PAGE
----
Al-Shabaab no longer poses the existential threat to Somalia’s governing authorities in Mogadishu that it once did, in its “golden age” during 2009-10, when it controlled not only most of the capital city but also most of south-central Somalia.

Most of Al-Shabaab’s fighters were forced out of Mogadishu in August 2011; today they do not directly govern nearly as many towns across south-central Somalia. But they can still move freely, and exert influence over local populations.

Since mid-2013, Al-Shabaab has become an increasingly extremist and transnational network with the stated aim of creating a caliphate across East Africa.

It has dramatically increased its recruitment and activities in Kenya. Since then, Al-Shabaab has fought to destabilise parts of Kenya - to take back what it claims are Muslim lands - and south-central Somalia in order to undermine Amisom, reveal the weaknesses of Somalia’s central government and its collusion with foreign forces, and control local populations.

In 2014 and 2015 in Somalia, Amisom, the Somali National Army (SNA), and supporting militia launched a series of offensives and forced Al-Shabaab out of about two dozen towns.


Some Al-Shabaab fighters moved north into Puntland region while others concentrated in the Jubba River Valley in southern Somalia.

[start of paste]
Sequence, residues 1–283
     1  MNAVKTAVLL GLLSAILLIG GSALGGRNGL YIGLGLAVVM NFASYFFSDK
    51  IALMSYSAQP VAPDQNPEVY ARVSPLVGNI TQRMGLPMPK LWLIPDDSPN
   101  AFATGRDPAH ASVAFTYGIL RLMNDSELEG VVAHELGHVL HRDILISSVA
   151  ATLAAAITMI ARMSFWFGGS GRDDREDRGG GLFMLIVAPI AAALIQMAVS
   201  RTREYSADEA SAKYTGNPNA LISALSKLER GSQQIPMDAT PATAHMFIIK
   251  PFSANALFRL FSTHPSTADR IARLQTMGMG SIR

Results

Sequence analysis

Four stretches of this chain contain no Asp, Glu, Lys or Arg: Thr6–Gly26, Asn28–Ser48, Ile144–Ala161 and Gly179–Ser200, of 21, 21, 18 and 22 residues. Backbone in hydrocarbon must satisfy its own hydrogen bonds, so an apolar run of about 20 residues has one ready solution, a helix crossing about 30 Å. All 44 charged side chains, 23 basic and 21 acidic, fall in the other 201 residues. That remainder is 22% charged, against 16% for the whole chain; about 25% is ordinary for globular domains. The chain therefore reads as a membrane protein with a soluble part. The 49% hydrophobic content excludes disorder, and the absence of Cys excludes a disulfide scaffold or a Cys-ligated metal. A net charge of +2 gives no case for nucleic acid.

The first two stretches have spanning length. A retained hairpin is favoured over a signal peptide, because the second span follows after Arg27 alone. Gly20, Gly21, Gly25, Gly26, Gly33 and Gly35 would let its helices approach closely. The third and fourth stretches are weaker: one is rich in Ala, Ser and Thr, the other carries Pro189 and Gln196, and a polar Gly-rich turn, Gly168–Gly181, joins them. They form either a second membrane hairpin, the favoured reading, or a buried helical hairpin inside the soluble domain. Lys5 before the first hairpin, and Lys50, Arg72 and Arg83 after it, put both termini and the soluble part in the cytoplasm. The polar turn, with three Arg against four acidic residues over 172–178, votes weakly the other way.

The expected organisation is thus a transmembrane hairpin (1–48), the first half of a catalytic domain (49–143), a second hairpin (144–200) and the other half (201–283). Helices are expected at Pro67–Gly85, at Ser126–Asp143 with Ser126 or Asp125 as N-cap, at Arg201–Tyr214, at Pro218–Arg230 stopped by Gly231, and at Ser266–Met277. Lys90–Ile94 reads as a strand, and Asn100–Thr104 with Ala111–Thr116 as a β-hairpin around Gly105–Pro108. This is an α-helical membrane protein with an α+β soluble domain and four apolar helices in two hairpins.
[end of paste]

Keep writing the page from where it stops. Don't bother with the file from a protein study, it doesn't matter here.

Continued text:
Al-Shabaab continues to attack the region using a range of military tactics.

It has carried out suicide and remotely detonated bombings and commando raids on symbolic government and international targets in Somalia’s capital, Mogadishu.

It has frequently harassed Amisom and SNA supply routes. Its two major battalions - the Saleh Nabhan brigade and the Abu Zubair battalion, both named after Al-Shabaab commanders who died in battle - have launched major attacks on the three Amisom bases noted above.

2. Amisom forces remain vulnerable, even as the war against Al-Shabaab has changed.

Because Al-Shabaab can usually avoid Amisom and SNA forces, it attacks the African Union peacekeepers when and where it wants.

Over the past nine years, Amisom’s war against Al-Shabaab has evolved from urban warfare in Mogadishu to a sprawling counter-insurgency and stabilisation campaign waged across most of south-central Somalia.

In late 2013, the UN Security Council authorised a “surge” of over 4,000 additional troops for Amisom, most of which came from Ethiopia.